In thinking about minimalism, I realized I took my first steps on this journey three and a half years ago…New Year’s Day 2014, to be exact. I looked around and decided I was tired of all the clutter I saw. I liked most everything I saw–it was my stuff, after all. But there was just too much of it, and I knew I certainly didn’t need it all, so I decided it was time to start getting rid of the clutter.
I hadn’t heard of minimalism at the time, so had no idea that there was an entire network of people already doing what I wanted to do. I didn’t know there were websites, Facebook pages, books, podcasts, and everything else out there for the new minimalist to go to for help and advice. I just knew what I knew, that I had too much stuff and I needed to get rid of a lot of it. Otherwise, I just might go crazy.
So I devised what I thought was an ingenious plan. I would throw at least one thing away per day. Since opening myself up to the network of minimalists, I’ve read where others were trying this plan, but at the time, this was a new concept for me, and I was going it alone. I thought it was a great idea, to get rid of at least one thing per day. If I came up with two or three or more items to throw away in one day, then I could hold the extra as credit if I missed a day.
A great plan, I decided. A little loose, maybe, but at least there was a plan. And so, on that first day in January, I took my first baby step on my journey to declutter and threw something out. Five somethings, actually. I threw away five years worth of Tropical Smoothie Cafe key tags*. The tags were a “thank you” for a donation to Camp Sunshine, and were worth 10% off any order through the end of the calendar year, but now they were doing nothing but taking up space on my key ring. I took them off and threw them in the trash.
And it felt good.
The next day, I threw away two pairs of earrings. I could have counted those five tags as five days worth of throwing something out but decided not to. I wanted to get rid of those earrings, you see, and I didn’t want to wait four more days to do it. I knew enough about myself to know that if I didn’t do my new habit daily, the journey would end. So out they went. Quick, easy, and done.
And on it went. I kept that up for about two weeks without fail. Then I missed a day. No problem, I thought. I had credit for all the extra things I had already thrown out. I kept right on getting rid of things. A compact of eyeshadow colors that never looked quite right on me. An old bottle of hairspray where the nozzle had dried out from lack of use. A stained t-shirt. A book of puzzles I had no interest in finishing. A stack of magazines. You get the picture.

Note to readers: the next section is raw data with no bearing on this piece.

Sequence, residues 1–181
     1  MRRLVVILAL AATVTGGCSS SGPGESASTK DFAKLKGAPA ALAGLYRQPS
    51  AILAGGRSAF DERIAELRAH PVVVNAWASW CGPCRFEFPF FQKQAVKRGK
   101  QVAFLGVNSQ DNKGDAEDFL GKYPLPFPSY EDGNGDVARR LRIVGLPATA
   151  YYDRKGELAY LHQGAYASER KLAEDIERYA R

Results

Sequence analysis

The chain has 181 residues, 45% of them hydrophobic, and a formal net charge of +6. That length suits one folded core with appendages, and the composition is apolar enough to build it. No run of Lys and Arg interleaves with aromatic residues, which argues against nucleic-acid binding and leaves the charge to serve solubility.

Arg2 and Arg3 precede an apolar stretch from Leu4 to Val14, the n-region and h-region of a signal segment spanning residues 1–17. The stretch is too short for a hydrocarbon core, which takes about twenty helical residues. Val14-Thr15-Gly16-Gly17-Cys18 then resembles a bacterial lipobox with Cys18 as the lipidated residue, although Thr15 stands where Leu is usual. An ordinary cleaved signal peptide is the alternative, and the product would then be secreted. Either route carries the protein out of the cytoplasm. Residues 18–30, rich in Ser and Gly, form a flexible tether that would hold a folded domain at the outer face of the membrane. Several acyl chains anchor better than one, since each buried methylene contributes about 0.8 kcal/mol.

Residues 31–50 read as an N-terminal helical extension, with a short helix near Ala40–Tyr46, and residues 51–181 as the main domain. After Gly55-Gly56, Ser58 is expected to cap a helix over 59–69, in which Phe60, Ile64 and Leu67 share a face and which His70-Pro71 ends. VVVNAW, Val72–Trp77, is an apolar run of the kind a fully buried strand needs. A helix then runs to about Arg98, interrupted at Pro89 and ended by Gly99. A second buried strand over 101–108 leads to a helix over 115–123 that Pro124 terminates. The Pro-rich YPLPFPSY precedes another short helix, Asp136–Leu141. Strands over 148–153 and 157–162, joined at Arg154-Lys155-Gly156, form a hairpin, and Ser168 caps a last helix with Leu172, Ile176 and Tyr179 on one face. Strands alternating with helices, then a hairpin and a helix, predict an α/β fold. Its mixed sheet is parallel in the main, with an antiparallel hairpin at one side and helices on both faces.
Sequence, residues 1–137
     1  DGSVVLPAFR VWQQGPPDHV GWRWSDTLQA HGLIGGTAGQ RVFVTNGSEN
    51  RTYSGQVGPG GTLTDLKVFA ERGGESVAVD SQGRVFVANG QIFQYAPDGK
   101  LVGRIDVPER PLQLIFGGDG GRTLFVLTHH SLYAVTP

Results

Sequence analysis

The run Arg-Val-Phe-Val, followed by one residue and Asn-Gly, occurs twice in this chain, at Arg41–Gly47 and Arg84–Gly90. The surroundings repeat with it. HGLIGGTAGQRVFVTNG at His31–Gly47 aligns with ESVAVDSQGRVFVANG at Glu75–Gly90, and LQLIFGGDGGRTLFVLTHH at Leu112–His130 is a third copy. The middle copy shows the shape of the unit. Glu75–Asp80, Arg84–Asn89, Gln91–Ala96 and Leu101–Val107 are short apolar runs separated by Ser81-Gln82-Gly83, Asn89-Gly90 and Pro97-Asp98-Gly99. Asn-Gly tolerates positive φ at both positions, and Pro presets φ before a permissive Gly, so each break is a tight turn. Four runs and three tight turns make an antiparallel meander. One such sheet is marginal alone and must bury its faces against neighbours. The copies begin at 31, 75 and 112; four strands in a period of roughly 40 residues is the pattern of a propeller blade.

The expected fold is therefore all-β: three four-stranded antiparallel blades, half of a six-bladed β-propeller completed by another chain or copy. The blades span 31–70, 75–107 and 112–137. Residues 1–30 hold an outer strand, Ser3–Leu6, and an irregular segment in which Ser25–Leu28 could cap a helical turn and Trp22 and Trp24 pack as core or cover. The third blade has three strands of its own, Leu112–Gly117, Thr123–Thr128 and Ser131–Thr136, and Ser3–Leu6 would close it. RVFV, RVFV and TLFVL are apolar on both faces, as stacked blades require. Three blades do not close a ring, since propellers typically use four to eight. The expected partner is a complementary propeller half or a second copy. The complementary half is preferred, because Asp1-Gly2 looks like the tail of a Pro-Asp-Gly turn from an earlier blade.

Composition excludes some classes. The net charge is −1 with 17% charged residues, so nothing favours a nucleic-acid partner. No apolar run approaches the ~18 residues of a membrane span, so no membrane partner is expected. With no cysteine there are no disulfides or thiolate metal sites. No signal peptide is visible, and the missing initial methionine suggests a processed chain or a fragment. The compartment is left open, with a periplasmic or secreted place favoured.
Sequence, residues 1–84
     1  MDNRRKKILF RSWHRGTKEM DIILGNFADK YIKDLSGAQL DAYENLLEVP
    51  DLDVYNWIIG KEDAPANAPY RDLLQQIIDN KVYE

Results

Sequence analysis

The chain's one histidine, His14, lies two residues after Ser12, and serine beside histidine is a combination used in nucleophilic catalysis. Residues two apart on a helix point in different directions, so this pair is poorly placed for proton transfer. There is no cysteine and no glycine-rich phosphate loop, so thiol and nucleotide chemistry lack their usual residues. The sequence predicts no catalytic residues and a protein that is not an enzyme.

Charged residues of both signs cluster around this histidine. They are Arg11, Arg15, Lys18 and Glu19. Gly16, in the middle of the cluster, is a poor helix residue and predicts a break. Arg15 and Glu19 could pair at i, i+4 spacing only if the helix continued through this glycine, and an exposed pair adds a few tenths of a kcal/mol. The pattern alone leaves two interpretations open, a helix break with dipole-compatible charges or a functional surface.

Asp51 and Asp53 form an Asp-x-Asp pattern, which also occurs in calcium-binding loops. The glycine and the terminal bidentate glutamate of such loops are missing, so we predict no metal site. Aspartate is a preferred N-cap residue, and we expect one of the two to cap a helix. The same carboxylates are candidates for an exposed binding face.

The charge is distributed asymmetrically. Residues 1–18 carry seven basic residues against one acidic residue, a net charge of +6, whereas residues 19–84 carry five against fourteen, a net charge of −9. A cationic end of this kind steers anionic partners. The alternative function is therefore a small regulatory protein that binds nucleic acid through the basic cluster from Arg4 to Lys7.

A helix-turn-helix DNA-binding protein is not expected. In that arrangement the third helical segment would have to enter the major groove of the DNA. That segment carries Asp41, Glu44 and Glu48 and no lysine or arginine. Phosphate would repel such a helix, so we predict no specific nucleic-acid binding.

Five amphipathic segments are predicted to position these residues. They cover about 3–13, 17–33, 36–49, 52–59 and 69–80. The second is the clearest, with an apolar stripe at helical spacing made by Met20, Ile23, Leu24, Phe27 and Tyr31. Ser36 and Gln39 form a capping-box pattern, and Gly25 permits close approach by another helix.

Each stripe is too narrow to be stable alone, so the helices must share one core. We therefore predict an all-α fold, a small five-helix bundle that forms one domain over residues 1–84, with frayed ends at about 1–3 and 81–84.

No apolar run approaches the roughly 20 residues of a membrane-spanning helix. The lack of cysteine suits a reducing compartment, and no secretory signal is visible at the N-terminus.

The problem with this plan, as I eventually discovered, was that it was taking forever to see any change. In fact, after a month, I didn’t see any difference. At all. Sure, there were a few empty spaces in my jewelry box, and my nightstand no longer held a sliding stack of magazines, but where was the significant change I was looking for? Why was this journey taking so long? Eventually, I did what every person without a serious plan for change does.
I gave up.
Between then and now, I would move stuff around, box some of it up and stash it in the basement, or just ignore it. Sometimes, I would even throw stuff away or donate it. I changed my immediate environment, but the underlying problem never went away. The constant feeling that I was responsible for too much stuff and that I had failed yet again on my journey to change my life. I didn’t like the feeling but didn’t know what to do to fix it.
Then my life changed.
If you read my first blog post, you already know that my life-changing event was the passing of my mother. Faced with the very daunting task of sorting through all of her things made me realize I did not want to live the rest of my life with all this stuff. Yes, there are memories attached to many of the items and most, if not all, are good memories. And because I have the memories, I don’t need all of the physical things to trigger the memories.
Holding on to one or two crystal dishes are enough to trigger memories of shopping in the German crystal factories when I was a child. I can look at one dish and remember how my family put those pieces to use over the years. These pieces weren’t just decorations. We used them on a regular basis. I don’t need to keep all 50+ pieces to keep those memories.
The same with the silver chafing dishes. I don’t need them around to remember the bed and breakfast my mother owned in the 1990’s. I have pictures to help relive those memories. The chafing dish might even be in one of those pictures!
I no longer needed or wanted these things around me, both her things and mine.
That’s when I discovered real minimalism.
Reading about the journey others have taken or are taking, the things they were doing to change their lives, made me want to change mine too. I began researching, and then I began doing. I had already ditched the “throw something away every day” plan because it wasn’t having an appreciable difference in my life, and there’s a lot of different advice out there on what to do and how to start–so much so that it’s hard to know where to start. So instead, I started following the general minimalist decluttering guideline, which is
Keep only those things that I truly want because I want them around me.
In my next post, I’ll tell you how I applied that principle as I embarked on my journey to declutter my—or rather, my mother’s—kitchen.